Forum for Science, Industry and Business

Sponsored by:     3M 
Search our Site:

 

Ki-67 biomarker a strong predictor of outcome for prostate cancer patients

22.10.2003


The largest known biomarker study for prostate cancer patients treated with radiation therapy shows that the presence Ki-67 may be a significant predictor of patient outcome for men with prostate cancer treated with both radiation and hormones. The study was sponsored by the Radiation Therapy Oncology Group and was presented today by Alan Pollack, M.D., Ph.D., chairman of radiation oncology at Fox Chase Cancer Center, at the 45th annual meeting of the American Society for Therapeutic Radiology and Oncology (ASTRO) in Salt Lake City, Utah.



The Ki-67 biomarker is a proliferation antigen that is detected by a process called immunohistochemical staining. When a tumor cell tests positive for Ki-67, the tumor is actively growing.

Prostate cancers typically have very low percentages of growing cells and they grow slowly. Pollack and others have previously shown in smaller studies that the greater the proportion of prostate tumor cells with Ki-67, the more aggressive the cancer. Prior studies involved small patient numbers and did not definitively establish the usefulness of the Ki-67 biomarker.


"Our study conclusively shows that Ki-67 was the most significant determinant of distant metastasis and death in prostate cancer patients," explained Pollack. "The relationship of Ki-67 to patient outcome is a continuous function, wherein the higher the percent of Ki-67, the greater the risk of an adverse result. In addition, Ki-67, along with PSA, Gleason score and stage, appears to be valuable in determining whether high-risk patients may be spared long-term androgen deprivation."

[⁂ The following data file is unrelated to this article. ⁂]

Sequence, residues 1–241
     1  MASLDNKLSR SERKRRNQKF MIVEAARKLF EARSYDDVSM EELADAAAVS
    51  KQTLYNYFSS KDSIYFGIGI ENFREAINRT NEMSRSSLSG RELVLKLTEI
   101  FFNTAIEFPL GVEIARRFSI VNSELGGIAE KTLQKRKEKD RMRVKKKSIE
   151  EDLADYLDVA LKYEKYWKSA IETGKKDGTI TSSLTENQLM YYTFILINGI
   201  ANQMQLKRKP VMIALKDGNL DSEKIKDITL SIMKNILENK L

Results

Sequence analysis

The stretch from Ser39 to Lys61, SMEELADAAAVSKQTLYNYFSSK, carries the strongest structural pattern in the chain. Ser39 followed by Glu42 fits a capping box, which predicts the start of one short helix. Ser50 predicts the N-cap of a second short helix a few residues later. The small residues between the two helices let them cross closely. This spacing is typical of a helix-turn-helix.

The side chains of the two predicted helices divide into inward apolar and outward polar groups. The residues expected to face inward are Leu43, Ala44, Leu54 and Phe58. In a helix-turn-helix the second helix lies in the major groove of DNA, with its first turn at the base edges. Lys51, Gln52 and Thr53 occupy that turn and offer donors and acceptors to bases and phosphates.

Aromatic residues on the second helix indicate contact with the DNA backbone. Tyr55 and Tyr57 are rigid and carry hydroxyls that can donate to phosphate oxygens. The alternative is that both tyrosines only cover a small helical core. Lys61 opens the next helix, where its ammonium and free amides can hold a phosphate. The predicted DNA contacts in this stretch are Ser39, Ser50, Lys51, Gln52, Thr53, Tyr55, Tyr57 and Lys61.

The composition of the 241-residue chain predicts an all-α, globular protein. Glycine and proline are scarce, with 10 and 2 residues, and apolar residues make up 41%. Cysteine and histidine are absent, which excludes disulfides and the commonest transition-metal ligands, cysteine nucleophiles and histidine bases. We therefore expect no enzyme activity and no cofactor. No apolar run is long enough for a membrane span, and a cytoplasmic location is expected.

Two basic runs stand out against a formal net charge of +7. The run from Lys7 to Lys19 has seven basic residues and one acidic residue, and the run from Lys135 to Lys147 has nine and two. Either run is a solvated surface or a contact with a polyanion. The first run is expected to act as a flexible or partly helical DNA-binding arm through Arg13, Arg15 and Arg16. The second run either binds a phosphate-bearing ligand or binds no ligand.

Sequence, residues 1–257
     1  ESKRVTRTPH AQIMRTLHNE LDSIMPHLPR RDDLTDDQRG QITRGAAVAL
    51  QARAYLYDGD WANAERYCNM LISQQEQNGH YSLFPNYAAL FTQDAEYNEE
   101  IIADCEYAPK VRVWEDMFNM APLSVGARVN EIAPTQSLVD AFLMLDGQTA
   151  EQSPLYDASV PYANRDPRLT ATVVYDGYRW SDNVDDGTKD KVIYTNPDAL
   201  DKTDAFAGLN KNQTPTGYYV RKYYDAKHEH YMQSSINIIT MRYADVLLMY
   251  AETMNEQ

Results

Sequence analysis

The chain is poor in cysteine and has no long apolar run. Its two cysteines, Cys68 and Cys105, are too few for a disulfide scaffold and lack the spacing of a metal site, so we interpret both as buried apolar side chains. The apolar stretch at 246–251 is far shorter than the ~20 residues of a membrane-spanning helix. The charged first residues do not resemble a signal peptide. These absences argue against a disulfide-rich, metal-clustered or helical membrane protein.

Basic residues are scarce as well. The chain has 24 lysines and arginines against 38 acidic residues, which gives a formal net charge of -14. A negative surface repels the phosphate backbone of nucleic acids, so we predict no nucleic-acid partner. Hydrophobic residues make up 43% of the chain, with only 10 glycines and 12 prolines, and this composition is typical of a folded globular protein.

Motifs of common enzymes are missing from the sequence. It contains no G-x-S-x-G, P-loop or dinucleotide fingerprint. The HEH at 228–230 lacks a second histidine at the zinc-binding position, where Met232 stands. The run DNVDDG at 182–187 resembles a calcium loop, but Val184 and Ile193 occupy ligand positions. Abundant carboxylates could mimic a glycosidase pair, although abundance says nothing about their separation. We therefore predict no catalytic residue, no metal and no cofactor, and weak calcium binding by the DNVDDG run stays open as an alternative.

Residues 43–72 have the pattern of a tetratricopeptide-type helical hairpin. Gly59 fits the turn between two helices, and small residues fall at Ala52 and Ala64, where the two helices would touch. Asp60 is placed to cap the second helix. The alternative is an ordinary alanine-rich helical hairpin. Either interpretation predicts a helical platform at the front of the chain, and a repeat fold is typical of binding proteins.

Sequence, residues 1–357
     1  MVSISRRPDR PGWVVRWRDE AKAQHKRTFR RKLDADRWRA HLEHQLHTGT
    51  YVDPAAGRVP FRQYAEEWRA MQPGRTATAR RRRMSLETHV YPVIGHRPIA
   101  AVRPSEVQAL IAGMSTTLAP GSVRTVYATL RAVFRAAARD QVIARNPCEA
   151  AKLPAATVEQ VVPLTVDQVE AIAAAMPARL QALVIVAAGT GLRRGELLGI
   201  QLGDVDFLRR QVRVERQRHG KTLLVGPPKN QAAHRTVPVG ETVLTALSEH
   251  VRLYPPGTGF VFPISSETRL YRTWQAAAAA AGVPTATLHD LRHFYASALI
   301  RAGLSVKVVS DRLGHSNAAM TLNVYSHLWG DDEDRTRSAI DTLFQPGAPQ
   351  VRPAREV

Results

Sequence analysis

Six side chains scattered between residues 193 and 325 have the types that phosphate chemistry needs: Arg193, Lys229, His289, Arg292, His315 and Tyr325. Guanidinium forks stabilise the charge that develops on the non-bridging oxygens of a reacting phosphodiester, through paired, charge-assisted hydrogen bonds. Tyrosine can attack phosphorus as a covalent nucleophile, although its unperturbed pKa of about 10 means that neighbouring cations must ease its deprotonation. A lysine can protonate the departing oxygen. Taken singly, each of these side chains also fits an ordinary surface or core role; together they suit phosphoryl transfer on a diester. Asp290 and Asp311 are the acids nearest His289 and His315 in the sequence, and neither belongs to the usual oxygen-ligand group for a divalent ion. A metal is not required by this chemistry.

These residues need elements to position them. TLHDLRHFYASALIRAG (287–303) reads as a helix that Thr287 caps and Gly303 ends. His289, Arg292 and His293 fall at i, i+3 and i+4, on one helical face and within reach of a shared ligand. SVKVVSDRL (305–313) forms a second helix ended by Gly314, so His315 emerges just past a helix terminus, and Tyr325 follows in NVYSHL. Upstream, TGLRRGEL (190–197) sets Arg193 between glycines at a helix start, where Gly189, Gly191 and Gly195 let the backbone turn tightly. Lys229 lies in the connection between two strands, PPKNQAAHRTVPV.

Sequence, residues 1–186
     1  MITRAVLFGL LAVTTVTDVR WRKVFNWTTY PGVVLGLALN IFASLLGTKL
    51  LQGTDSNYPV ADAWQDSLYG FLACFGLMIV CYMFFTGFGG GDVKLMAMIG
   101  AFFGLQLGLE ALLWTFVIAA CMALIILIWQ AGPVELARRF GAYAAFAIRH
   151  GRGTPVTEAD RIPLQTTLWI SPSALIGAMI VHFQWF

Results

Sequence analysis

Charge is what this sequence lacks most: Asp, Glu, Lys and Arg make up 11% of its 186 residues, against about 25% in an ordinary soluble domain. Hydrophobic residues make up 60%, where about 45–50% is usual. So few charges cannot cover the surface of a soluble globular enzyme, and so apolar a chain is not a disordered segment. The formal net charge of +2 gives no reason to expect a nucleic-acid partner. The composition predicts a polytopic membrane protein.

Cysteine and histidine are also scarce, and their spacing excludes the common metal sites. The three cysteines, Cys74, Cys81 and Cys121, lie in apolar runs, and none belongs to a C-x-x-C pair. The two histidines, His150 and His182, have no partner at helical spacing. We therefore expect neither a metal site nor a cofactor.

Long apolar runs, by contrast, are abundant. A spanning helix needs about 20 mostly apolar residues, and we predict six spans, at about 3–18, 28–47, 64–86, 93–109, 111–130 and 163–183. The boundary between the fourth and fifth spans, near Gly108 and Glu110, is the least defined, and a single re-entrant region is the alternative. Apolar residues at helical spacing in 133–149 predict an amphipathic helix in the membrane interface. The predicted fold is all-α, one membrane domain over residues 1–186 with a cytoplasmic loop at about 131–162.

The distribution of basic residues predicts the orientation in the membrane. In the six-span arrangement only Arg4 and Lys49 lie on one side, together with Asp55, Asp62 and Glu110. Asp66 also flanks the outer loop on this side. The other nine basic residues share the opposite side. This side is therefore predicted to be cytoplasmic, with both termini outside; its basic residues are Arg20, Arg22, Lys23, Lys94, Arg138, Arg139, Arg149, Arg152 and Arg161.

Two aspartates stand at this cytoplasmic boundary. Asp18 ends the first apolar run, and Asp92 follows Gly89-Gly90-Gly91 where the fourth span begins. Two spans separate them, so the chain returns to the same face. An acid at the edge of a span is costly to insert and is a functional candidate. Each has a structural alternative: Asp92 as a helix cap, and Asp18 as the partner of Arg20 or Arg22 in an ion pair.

Pollack says that a consistent threshold for the application of Ki-67 on a routine basis has not been previously established. In this study, when greater than 7.1% of the tumor cells stained for Ki-67, there was a significantly increased risk of distant metastasis and death due to prostate cancer.

Furthermore, Pollack adds, Ki-67 should be very useful in stratifying patients in future clinical trials.

Other authors in the study include Michelle DeSilvio, American College Of Radiology, Philadelphia, Pa.; Li-Yan Khor, Fox Chase Cancer Center, Philadelphia, Pa.; Rile Li, Baylor School of Medicine, Houston, Tex.; Tahseen Al-Saleem, Fox Chase Cancer Center; M. Elizabeth Hammond, University of Utah School of Medicine, Salt Lake City; Varagur Venkatesan, Medical College of Wisconsin, Milwaukee; Roger Byhardt, University of California San Francisco, Calif.; Gerald E. Hanks, retired from Fox Chase Cancer Center; Mack Roach, University of Western Ontario, London, Ontario; William Shipley, Massachusetts General Hospital, Boston; and Howard Sandler, University of Michigan Medical Center, Ann Arbor.


Fox Chase Cancer Center, one of the nation’s first comprehensive cancer centers designated by the National Cancer Institute in 1974, conducts basic, clinical, population and translational research; programs of prevention, detection and treatment of cancer; and community outreach. For more information about Fox Chase activities, visit the Center’s web site at www.fccc.edu or call 1-888-FOX CHASE.

Karen Carter Mallet | EurekAlert!
Further information:
http://www.fccc.edu/

More articles from Studies and Analyses:

nachricht Innovative genetic tests for children with developmental disorders and epilepsy
11.07.2018 | Christian-Albrechts-Universität zu Kiel

nachricht Oxygen loss in the coastal Baltic Sea is “unprecedentedly severe”
05.07.2018 | European Geosciences Union

All articles from Studies and Analyses >>>

The most recent press releases about innovation >>>

Die letzten 5 Focus-News des innovations-reports im Überblick: